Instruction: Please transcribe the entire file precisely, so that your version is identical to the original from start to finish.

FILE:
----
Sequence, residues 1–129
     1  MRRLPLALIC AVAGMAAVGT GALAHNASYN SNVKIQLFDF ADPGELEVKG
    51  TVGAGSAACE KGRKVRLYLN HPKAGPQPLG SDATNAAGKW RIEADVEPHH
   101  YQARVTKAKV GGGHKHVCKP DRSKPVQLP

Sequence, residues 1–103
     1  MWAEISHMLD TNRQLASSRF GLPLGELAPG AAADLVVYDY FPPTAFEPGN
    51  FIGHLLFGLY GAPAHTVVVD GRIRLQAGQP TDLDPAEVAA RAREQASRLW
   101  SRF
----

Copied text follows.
Sequence, residues 1–129
     1  MRRLPLALIC AVAGMAAVGT GALAHNASYN SNVKIQLFDF ADPGELEVKG
    51  TVGAGSAACE KGRKVRLYLN HPKAGPQPLG SDATNAAGKW RIEADVEPHH
   101  YQARVTKAKV GGGHKHVCKP DRSKPVQLP

Sequence, residues 1–103
     1  MWAEISHMLD TNRQLASSRF GLPLGELAPG AAADLVVYDY FPPTAFEPGN
    51  FIGHLLFGLY GAPAHTVVVD GRIRLQAGQP TDLDPAEVAA RAREQASRLW
   101  SRF